Figure 3.  Graphical representation of calibration plot of the predicted probabilities are from the actual observed proportion with non-home discharge.

  • Findings from the present study showed that about one out of four TAVR patients are discharged to a location other than home. Advanced age, high STS scores, non-transfemoral approach, female sex and developing a complication after the procedure are among factors predictive of not being discharged home after TAVR.

    Previous studies have identified preoperative factors that increases an individual's risk of not being discharged home after cardiac surgery.[7, 8, 12] In a study by Henry, et al., [7] advanced age, female gender and concomitant valve/CABG were factors associated with discharge to a location other than home after heart valve surgery. The authors also found preoperative chronic lung disease and STS mortality risk scores as predictors of non-home discharge. A separate study by Edgerton, et al.[12] studied the same issue in patients undergoing CABG. STS mortality risk scores > 2% was found to be strongly associated with a > 22.5% risk of being discharged to a nursing home, rehabilitation facility or long-term care. Findings from the present study are in line with what has been previously reported as patients who were not discharged home after TAVR were older, had higher STS scores and female. In addition, the significant association between STS risk scores and the odds of being discharged to a location other than home confirms the results from the study by Edgerton, et al.[12]

    Discharge to a location other than home has important implications for health care resource utilization. Patients discharged to another location other than home stayed longer in the hospital after TAVR than those who were discharged home. Longer postoperative hospitalizations may be due to a complicated postoperative course or prolonged intensive care unit stays. Most of these patients ended up being discharged to a rehabilitation facility and the cumulative cost of care undoubtedly has severe implications on total healthcare costs. Moreover, since a significantly greater proportion of these patients die within one-year post-procedure, a disproportionate amount of funds is allocated to these group of patients without desired outcomes. These findings are alarming and encourage further research to better understand the sole impact of discharge disposition and long-term outcomes after TAVR.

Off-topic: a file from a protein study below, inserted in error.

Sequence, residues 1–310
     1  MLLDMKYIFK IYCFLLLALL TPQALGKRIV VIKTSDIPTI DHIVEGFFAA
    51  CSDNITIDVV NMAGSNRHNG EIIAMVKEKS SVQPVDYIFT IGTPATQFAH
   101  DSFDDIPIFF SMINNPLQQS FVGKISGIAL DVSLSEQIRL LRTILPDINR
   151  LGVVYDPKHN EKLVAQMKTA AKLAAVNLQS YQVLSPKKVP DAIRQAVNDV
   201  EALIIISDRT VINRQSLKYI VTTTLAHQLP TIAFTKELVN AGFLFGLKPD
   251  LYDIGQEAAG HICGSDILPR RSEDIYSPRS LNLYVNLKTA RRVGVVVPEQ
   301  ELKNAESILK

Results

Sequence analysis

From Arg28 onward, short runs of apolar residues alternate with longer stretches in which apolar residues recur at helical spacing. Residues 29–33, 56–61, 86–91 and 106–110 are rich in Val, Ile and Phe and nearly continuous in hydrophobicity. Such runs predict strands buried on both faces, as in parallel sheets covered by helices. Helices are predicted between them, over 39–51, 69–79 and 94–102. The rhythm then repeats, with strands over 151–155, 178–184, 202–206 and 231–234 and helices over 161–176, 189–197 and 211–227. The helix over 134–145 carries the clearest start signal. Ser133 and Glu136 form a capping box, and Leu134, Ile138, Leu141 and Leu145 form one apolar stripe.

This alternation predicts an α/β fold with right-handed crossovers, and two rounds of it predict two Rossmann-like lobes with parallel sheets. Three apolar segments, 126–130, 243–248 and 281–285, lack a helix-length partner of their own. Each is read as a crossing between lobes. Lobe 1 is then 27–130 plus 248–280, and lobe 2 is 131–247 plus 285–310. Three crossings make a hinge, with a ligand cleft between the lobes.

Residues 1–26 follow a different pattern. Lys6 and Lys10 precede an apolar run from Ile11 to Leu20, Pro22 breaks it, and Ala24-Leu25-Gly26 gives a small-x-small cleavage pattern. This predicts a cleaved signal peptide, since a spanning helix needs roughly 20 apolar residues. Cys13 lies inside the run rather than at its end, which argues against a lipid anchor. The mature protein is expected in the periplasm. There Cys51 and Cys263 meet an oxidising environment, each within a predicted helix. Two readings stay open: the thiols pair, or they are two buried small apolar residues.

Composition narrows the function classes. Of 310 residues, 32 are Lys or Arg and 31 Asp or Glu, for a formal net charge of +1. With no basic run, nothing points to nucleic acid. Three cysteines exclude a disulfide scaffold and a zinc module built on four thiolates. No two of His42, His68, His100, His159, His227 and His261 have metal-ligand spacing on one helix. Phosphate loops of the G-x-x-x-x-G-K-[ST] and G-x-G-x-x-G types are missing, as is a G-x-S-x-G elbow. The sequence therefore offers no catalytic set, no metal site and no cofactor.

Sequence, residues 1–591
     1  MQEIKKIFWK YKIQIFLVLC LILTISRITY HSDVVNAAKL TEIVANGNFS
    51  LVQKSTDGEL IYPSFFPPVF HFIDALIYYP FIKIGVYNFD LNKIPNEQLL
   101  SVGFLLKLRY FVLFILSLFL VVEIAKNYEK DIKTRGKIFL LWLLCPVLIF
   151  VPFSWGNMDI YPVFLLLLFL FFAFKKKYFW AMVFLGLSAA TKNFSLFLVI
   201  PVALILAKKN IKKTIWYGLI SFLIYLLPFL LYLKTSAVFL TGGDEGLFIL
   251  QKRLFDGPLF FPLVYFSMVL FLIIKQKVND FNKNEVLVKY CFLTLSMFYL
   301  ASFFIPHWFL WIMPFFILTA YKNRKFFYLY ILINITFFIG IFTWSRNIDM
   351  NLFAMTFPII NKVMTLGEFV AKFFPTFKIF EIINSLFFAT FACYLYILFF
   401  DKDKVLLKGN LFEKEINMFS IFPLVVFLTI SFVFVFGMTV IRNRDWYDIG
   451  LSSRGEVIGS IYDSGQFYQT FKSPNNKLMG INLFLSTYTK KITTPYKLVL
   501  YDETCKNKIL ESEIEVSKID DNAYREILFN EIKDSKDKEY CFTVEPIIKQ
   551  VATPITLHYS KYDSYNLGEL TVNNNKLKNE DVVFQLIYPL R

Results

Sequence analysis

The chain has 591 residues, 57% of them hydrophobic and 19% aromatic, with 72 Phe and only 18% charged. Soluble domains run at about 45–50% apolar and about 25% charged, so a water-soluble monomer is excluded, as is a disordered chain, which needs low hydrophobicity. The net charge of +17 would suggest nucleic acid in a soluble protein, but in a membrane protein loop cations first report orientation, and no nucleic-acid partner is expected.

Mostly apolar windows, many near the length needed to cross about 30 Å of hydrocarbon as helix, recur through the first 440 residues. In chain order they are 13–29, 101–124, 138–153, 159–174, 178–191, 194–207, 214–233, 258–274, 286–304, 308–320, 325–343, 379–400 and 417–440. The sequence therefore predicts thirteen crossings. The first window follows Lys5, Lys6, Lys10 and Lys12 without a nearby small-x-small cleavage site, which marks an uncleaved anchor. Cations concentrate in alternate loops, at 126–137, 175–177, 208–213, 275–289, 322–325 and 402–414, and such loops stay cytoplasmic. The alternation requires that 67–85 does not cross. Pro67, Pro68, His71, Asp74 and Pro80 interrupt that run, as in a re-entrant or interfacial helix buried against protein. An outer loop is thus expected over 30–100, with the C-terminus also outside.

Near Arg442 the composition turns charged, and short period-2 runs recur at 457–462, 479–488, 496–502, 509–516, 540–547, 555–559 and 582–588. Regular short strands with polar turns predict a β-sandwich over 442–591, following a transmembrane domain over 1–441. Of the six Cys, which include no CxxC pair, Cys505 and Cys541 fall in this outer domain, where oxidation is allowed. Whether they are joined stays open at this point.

The utilization of nomograms in the prediction of treatment outcomes is not new to valvular heart diseases. In a study by Javadikasgari, et al., [13] nomograms were used to estimate and predict survival among patients with degenerative mitral valve disease undergoing mitral valve repair versus replacement. In their analysis, mitral valve repair was found to be significantly associated with better survival as compared with replacement. We propose that a nomogram such as ours may add quality of life data that may assist providers in addressing patients' expectations regarding the social consequences that primary surgery may bear. Our concordance index was calculated to be 0.826, which is comparable to nomograms previously developed in other surgical areas. We predict that our newly developed risk scoring system can serve as a helpful tool for social workers to enable them a patient's likelihood of postoperative discharge to a skilled nursing facility, thus allowing for preoperative planning and arrangement.

  • The current study is limited by being retrospective and single-centered. Detailed information regarding the selection criteria for discharge to a location was not considered for the present analysis. Also, follow-up data on specific discharge locations were not included in the analysis. Information regarding the number of patients who returned home permanently after being discharged to another location would be important to understand the overall impact of discharge disposition on quality of life post-TAVR. Further analysis taking total costs into consideration was not performed as such, the impact of discharge disposition on resource utilization cannot be inferred from the present findings.

  • In conclusion, the present study shows that a considerable number of advanced aged patients undergoing TAVR are not discharged home after the procedure. A simple risk scoring system based on preoperative risk factors can help guide pre-operative decision making, counselling and planning.

  • All authors had no conflicts of interest to disclose.